If your resume made the cut and you got called in for a job interview, it's time to get prepared. After all, you only get one chance to make the best possible impression on the hiring manager. While there's no guarantee that you're going to end up getting hired, there are steps you can take to increase your chances of acing the interview.
1. Rehearse Your Responses
There's a fine line between preparing answers for the job interview and memorizing a script. Your goal should be to go in with a clear idea of what you want to say to common questions without sounding like you're reading from a teleprompter. A good way to practice is to make a list of typical job interview questions and then ask a friend or family member to conduct a mock interview. That way, you can work on sounding natural while still giving yourself material to reference during the real interview.
2. Dress for Success
It's important that you wear clothing that fits the company's culture. Do some research beforehand to get a feel for what kind of outfit is appropriate. For example, if you're applying for a position at a laid-back coffee shop, you probably don't need to wear a business suit. At the same time, it's always better to be overdressed than underdressed. Also, be sure to consider the context of the outfit. For instance, wearing a sweater might look nice, but if it's a hot day, you might become physically uncomfortable during the job interview.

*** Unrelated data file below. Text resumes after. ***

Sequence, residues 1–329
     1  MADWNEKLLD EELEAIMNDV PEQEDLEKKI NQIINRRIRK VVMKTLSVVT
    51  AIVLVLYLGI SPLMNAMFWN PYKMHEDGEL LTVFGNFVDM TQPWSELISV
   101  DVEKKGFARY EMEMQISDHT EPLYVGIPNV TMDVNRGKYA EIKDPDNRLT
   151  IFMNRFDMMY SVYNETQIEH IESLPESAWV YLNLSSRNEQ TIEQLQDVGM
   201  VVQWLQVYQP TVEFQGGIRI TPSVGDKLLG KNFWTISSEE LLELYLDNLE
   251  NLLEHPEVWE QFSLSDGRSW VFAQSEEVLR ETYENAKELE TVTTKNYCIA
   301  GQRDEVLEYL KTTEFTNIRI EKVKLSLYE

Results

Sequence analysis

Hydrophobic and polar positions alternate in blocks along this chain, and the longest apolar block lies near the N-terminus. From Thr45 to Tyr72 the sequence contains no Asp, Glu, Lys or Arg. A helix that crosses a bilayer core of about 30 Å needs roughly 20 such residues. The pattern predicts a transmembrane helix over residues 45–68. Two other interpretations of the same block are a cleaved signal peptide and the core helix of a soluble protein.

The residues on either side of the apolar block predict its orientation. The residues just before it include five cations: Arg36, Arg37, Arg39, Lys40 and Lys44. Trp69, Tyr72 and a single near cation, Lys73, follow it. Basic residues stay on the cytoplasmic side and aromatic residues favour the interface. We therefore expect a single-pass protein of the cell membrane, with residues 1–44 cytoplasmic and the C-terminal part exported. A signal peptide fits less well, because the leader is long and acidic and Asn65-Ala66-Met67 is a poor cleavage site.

3. Familiarize Yourself With the Company
Do your homework before you go in for the job interview. You should be well-versed in the company's products or services, as well as other aspects of its corporate culture. You want to make it clear that you genuinely want this job, beyond just the paycheck. Not only does this show the hiring manager that you want the job, but it also demonstrates that you're the type of person to take initiative.
4. Update Your Social Media Accounts
These days, it's quite common for hiring managers to search your name online before the job interview. Your social media accounts can easily mean the difference between getting hired or missing out on the opportunity. If you don't want to delete unprofessional social media posts or accounts, make them private. You can also use your social media accounts to your advantage by making public posts that portray you in a flattering light or that are relevant to the job you're interviewing for.
Never underestimate the power of a friendly demeanor to get your foot in the door. While a winning personality doesn't guarantee the job, it certainly helps. Of course, it's still important to maintain an air of professionalism, but try to connect with the hiring manager on a personal level by being authentically cheerful and upbeat. Even if you stumble here and there, you may still be able to ace the interview if the hiring manager feels a genuine connection.
While an approaching job interview can be nerve-racking, remember that the hard part is already over. The hiring manager saw your application and decided you had potential. Now, you just need to sell yourself. Be confident, friendly and prepared, and you should have no problem acing the interview.
Photo courtesy of Renee Bertrand at Flickr.com